CMS Will Not Deny ICD-10 Claims for Medicare Part B – Read Fine Print

ICD-10 based claims won’t be denied.  But read the fine print carefully.  CMS issued a Guidance Document today stating:

“… Medicare review contractors will not deny physician or other practitioner claims billed under the Part B physician fee scheduleHowever, a valid ICD-10 code will be required on all claims starting on October 1, 2015. It is possible a claim could be chosen for review for reasons other than the specificity of the ICD-10 code and the claim would continue to be reviewed for these reasons. This policy will be adopted by the Medicare Administrative Contractors, the Recovery Audit Contractors, the Zone Program Integrity Contractors, and the Supplemental Medical Review Contractor.”

According to the Kaiser Family foundation, Medicare Part B is a financially significant segment but not the largest.

  • Medicare “Part B, the Supplementary Medical Insurance (SMI) program, helps pay for physician, outpatient, some home health, and preventive services. Part B is funded by general revenues and beneficiary premiums.  An estimated 51 million people are enrolled in Part B in 2015.
  • Medicare Part A (55 million lives) [fusion_builder_container hundred_percent=”yes” overflow=”visible”][fusion_builder_row][fusion_builder_column type=”1_1″ background_position=”left top” background_color=”” border_size=”” border_color=”” border_style=”solid” spacing=”yes” background_image=”” background_repeat=”no-repeat” padding=”” margin_top=”0px” margin_bottom=”0px” class=”” id=”” animation_type=”” animation_speed=”0.3″ animation_direction=”left” hide_on_mobile=”no” center_content=”no” min_height=”none”][ includes hospitals using a DRG based system that is dependent on ICD-10]
  • Medicare Part C [also known as Medicare Advantage] includes 15.7 million lives
  • Medicare Part D for pharmaceuticals 42 million lives insured)

Our Take:

This is a big break for ambulatory E.H.R. and practice management software vendors as well as ambulatory care physicians and other providers, who get a break on the final implementation and support for ICD-10, but not for hospital inpatient based systems.  Essentially this means that CPT codes which have been the standard billing / procedure coding system for ambulatory remain the standard, and ICD-10 diagnosis codes only will be required.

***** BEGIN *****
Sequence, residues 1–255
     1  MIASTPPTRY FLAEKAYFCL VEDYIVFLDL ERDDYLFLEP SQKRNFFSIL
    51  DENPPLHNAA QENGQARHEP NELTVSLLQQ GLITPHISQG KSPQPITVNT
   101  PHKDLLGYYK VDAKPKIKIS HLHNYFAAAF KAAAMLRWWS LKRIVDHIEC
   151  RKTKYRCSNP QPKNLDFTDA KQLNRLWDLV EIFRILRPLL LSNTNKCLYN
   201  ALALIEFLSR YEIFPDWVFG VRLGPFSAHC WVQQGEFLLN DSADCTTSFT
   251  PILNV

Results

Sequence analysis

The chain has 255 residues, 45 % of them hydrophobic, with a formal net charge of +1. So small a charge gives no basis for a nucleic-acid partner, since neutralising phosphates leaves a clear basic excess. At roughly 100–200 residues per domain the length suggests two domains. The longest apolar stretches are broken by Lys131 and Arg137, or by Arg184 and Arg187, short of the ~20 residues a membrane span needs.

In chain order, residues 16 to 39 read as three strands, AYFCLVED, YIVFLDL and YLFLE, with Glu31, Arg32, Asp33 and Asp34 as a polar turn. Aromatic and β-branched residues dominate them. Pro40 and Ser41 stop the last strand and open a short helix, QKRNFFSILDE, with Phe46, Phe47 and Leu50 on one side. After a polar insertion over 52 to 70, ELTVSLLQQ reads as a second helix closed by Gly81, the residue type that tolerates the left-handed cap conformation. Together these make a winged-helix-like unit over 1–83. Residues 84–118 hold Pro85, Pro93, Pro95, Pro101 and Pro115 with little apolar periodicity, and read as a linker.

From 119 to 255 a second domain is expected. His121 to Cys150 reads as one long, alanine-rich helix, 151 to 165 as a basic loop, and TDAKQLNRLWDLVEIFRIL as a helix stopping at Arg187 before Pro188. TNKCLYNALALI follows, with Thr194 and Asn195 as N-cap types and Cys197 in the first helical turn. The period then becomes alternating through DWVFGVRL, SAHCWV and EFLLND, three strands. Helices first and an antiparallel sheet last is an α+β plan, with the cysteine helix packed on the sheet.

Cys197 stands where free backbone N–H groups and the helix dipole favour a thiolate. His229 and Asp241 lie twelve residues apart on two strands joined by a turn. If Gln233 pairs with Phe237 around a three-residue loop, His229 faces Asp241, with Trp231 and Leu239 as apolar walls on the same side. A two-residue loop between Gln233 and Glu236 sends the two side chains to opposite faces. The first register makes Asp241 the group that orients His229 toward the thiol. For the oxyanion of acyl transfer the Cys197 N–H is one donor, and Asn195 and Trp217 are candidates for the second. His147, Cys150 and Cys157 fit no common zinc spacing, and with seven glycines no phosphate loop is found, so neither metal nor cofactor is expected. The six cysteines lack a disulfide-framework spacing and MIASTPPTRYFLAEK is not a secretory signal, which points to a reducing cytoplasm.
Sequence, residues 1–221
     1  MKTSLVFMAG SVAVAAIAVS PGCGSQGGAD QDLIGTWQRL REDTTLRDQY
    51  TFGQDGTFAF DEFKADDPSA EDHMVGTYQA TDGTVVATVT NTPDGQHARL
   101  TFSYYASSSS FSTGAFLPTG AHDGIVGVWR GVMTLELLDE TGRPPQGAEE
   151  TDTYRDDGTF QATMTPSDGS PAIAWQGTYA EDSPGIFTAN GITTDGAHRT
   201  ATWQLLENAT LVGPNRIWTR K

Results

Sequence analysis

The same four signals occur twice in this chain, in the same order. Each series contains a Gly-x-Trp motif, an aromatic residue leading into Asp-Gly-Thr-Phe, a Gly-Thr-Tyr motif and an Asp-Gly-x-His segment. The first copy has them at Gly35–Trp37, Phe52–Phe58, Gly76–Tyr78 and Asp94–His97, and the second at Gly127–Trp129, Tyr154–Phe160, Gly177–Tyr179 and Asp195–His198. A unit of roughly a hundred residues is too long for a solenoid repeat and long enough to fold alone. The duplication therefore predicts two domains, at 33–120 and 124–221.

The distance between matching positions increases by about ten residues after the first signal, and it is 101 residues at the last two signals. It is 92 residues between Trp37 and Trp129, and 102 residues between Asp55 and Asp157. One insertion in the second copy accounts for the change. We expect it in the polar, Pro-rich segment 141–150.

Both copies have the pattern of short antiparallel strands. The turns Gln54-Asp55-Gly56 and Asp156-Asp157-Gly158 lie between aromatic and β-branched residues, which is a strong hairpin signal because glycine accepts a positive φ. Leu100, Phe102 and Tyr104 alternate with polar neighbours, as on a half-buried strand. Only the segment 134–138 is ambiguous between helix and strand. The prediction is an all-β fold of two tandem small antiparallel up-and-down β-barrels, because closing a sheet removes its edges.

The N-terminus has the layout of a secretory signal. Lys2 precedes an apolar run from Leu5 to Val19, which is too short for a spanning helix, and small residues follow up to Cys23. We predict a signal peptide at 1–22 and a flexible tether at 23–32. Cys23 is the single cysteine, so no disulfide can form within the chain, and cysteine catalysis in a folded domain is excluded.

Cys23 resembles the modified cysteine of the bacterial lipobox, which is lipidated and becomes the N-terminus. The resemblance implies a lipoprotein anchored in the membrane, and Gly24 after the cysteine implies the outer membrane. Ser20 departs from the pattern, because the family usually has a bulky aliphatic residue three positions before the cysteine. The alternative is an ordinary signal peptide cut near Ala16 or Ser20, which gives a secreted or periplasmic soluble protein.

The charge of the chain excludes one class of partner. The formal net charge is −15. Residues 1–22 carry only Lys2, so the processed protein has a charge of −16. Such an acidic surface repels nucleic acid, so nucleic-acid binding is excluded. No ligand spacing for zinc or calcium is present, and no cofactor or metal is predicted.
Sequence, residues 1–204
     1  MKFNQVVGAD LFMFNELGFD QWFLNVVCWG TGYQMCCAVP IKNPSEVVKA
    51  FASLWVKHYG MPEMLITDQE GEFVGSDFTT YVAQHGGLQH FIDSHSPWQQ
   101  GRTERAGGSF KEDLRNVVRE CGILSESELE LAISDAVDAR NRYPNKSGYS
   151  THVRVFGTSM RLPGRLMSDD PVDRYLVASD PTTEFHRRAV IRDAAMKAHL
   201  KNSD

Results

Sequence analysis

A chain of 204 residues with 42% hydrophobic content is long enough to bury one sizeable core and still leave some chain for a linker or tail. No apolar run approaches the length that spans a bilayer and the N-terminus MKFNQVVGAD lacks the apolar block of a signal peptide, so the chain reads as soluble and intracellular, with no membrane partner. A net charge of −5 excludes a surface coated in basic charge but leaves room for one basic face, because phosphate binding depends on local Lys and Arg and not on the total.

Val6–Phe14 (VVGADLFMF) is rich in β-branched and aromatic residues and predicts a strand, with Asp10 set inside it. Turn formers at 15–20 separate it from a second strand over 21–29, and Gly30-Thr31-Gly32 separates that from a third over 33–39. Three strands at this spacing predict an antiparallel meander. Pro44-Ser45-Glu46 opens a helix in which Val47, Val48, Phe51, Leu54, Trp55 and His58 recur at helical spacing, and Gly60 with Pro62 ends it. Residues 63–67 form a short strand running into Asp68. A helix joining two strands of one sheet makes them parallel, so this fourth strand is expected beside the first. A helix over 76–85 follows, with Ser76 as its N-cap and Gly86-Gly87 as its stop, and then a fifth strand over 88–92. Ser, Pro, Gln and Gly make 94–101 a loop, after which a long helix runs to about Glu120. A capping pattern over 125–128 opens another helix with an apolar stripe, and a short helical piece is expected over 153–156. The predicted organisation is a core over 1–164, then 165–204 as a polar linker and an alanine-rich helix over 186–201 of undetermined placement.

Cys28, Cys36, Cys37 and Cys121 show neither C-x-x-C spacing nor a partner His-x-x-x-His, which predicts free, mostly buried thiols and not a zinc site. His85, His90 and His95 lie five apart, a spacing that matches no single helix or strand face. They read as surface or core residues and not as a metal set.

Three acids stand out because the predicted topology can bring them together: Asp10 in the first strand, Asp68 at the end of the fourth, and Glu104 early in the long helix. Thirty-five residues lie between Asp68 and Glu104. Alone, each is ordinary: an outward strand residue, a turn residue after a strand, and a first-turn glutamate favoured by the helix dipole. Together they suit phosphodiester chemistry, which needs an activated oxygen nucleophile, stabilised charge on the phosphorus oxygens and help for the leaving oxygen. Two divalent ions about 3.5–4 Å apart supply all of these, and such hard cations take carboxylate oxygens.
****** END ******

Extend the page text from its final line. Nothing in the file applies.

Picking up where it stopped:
However for ambulatory providers, there is no guarantee that audits will not increase if the ICD-10 CM diagnosis code isn’t used to document medical necessity.

Health plans are beginning to ask for more diagnosis information before approving claims for pharmaceuticals.  Expect some ripple effect of ICD-10 in the Medicare Part D and non-Medicare pharmaceutical reimbursement.

In conclusion, for  Medicare Part A there is no break on the mandated deadline.  Hospitals and the vendors of hospital based / inpatient systems do not get a reprieve and therefore still have the heavy lifting to do with ICD-10 CM, ICD-10 PCS procedure codes, and DRG based on the new coding system as mandatory requirements for compliance on October 1, 2015.   The largest portion of U.S. expenditures for healthcare still go to Medicare Part A and other inpatient hospital claims.  So, from an economic perspective, physicians who provide care in a hospital get no break and the largest portion of the healthcare economy does not get a break.